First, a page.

How to Play Magic: The Gathering Part 7: Formats

If you are new to Magic: The Gathering, you have probably heard terms like standard, modern, limited, commander, or constructed. What do these words mean? These all refer to different formats for playing Magic. Since MTG has been around for over 25 years now, the game has changed a lot since it was first introduced and in those early days, the designers didn’t have any guidelines when it came to the power level of cards so older cards are typically far more powerful than almost everything Wizards of the Coast comes up with today. To balance things out, Wizards introduced banned and restricted lists and different formats. Currently, Wizards officially recognizes about 9 different formats which I will go over in this post.

Before we begin, there are some classifications to go over.

Sealed/Limited: This refers to building a deck from a limited pool of cards or playing with a Magic product right out of the box, as is.

Constructed: This refers to a format that allows you to build your own deck, however you want, from several sets of cards. You are, however, restricted to only 4 copies of a single card.

Singleton: This means that all cards in your deck are limited to only 1 copy.

Rotating: This means that the cards in this format rotate out to make room for new cards.

Eternal/Non-rotating: This means that the cards in this format do not rotate out.

With that out of the way, let’s begin.

Draft & Pre-release Events

Draft refers to a format where participants (typically a pod of 4-8 players) are given 3 fifteen-card booster packs to pull cards from. When the draft begins, each player opens 1 pack (removing the token and basic land unless the land is foil), picks 1 card that they want, and then passes the remaining cards around the table where the next person will pick a card out of those remaining. This process continues until all packs have been opened. Players then use the cards from their respective pulls to build a deck that is a minimum of 40 cards. Once the decks have been built, the players face each other in a tournament style gauntlet. Basic lands are typically provided in an official setting like a game store for Friday night magic.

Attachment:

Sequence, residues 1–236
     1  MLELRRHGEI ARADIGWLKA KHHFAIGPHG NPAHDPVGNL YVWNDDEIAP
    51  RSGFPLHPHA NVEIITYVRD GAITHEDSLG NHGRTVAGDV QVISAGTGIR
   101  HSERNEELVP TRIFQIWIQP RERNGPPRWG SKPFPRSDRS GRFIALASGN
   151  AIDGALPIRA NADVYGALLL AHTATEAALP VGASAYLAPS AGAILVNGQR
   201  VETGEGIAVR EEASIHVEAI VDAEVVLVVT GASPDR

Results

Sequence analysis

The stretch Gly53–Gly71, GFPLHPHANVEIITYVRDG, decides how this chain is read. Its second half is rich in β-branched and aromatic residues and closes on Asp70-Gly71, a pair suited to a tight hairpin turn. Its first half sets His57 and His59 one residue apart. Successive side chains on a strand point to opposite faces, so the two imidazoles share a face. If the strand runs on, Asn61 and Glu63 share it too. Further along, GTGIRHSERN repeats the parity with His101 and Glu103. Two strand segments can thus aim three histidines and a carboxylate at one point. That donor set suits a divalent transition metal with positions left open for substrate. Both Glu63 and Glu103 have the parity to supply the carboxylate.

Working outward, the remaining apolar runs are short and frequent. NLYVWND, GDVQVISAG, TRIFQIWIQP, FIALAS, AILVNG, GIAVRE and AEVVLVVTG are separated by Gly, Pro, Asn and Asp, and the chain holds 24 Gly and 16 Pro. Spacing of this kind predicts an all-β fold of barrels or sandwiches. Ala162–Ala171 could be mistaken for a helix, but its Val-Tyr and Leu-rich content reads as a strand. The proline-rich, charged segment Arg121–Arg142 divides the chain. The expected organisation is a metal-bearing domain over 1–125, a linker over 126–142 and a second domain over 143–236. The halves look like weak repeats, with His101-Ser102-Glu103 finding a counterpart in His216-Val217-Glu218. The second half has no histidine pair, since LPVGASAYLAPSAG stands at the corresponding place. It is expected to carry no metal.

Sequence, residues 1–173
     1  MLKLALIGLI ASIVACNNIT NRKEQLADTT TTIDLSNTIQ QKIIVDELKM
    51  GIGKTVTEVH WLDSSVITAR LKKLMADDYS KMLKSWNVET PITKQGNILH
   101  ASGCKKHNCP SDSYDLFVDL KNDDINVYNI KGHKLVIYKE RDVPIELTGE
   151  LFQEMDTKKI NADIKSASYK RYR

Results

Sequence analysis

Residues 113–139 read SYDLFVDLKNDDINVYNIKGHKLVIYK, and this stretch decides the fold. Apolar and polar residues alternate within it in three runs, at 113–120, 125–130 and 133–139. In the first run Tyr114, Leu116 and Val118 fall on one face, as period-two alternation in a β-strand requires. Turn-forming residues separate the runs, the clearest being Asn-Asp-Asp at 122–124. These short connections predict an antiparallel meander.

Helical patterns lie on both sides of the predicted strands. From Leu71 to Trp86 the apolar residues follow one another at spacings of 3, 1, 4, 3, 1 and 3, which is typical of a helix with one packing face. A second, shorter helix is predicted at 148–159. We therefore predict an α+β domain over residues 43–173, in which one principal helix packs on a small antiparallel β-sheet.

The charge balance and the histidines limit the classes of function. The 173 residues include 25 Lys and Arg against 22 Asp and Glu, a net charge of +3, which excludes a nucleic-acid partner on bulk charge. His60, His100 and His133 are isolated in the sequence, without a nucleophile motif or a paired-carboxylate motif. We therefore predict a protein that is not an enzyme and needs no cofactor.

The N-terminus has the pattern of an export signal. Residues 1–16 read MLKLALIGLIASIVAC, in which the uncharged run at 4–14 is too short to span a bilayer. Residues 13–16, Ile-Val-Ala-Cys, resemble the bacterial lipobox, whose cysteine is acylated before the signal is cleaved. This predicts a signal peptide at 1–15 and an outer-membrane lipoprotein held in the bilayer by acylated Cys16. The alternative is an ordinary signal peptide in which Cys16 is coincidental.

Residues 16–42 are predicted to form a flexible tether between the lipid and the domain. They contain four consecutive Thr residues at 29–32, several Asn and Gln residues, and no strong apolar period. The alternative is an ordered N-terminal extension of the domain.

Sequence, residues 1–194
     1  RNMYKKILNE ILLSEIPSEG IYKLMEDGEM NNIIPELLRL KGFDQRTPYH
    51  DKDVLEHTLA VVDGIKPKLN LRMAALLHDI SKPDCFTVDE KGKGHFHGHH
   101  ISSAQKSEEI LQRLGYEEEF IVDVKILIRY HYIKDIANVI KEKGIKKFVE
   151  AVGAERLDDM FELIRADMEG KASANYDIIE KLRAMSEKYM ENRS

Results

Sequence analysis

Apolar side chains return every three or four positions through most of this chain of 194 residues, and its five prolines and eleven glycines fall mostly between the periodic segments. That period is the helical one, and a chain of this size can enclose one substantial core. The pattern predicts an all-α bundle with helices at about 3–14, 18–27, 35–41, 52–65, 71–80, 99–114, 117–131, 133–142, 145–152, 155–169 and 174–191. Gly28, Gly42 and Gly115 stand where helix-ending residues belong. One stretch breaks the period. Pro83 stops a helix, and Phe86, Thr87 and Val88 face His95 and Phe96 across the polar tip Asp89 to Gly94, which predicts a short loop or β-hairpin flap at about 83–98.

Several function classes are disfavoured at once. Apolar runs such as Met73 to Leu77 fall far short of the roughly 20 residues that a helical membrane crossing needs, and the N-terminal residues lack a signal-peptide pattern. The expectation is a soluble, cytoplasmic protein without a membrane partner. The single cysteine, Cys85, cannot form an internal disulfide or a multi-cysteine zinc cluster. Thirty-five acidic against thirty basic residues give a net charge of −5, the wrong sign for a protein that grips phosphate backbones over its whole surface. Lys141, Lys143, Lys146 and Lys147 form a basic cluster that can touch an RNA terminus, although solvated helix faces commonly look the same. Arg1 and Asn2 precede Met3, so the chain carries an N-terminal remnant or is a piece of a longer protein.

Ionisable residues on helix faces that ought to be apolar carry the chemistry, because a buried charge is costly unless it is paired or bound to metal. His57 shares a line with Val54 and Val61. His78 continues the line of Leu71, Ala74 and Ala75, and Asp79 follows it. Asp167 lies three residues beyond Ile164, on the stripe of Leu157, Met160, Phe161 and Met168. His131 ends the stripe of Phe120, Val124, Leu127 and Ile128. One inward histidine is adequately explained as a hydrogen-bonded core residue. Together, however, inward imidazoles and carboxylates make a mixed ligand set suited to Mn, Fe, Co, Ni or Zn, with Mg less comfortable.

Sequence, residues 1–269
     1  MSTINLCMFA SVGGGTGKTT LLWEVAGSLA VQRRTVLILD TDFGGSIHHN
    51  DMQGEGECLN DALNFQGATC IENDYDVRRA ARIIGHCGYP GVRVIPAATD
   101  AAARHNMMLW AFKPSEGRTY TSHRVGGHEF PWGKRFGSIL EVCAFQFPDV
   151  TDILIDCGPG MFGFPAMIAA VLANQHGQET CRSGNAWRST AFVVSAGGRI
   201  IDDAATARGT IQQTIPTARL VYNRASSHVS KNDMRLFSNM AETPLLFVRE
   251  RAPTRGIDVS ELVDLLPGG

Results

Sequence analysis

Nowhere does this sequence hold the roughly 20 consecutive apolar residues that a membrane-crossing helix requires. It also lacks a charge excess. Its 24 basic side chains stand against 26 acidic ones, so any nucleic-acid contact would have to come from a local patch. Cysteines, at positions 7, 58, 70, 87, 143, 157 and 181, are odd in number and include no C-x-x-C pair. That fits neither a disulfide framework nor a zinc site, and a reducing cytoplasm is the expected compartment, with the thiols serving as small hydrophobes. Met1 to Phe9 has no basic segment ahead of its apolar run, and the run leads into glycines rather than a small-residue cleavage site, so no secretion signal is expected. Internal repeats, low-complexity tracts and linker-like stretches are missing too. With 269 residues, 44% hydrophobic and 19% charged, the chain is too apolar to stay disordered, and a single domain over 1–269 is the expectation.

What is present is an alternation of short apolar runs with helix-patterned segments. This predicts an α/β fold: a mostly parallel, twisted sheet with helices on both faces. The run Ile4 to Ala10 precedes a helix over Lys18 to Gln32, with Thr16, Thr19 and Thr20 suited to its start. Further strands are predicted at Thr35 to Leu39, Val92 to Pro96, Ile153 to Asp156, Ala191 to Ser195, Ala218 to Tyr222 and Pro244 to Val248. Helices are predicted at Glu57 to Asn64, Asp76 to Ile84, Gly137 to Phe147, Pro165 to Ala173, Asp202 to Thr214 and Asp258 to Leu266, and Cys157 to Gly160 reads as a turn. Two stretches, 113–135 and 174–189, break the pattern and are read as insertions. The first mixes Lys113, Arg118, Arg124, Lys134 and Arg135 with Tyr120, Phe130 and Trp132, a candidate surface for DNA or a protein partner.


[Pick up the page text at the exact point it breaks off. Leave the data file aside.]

Similar to draft is the pre-release event. Instead of 3 booster packs, players receive a small box containing 6 packs and a promo card. Players open all of their packs at the same time and use cards from all 6 packs to build a 40-card minimum deck. There is no passing cards in this format. In fact, trading cards at all during limited events is prohibited.


Standard is a constructed, rotating format. To play standard, decks need to consist of at least 60 cards that are from the current sets in standard (if a card currently in standard has been printed in the past, you may use older copies of that card if you desire). You may also have a 15-card sideboard that you can use to swap out some cards in your deck between games. In an official standard event, match-ups are best 2 out of 3. Between the games, players may change out cards that were not effective against their opponent for more effective cards, however, once the match-up is over, both decks must return to their original configuration. Historically, cards getting banned in standard is a rare occurrence, but it does happen from time to time.


Arguably, Magic’s most popular format is modern, formerly known as extended. Modern is an eternal, constructed format. While it does have a broad pool of cards, you can only use cards that have been printed into sets that have been standard legal starting in 2003 with 8th edition and Mirrodin. Even then, there is a banned list for modern. As far as game play and decks go, it’s just a more powerful standard. A much more powerful standard.

Legacy & Vintage

Legacy and Vintage are very similar formats. They are both eternal and constructed formats. The only difference is that legacy has a banned list while vintage has a restricted list. While a banned list eliminates the use of particular cards entirely, a restricted list allows the card to be used, but only a single copy of it. It should also be noted that most of the cards on legacy’s banned list are also on the restricted list in vintage. Legacy and Vintage allow nearly all cards ever printed to be played, from Alpha, Beta, Unlimited, and Revised to the sets currently in standard. Decks are constructed just like in standard and modern, 60-card deck, 15-card sideboard, etc.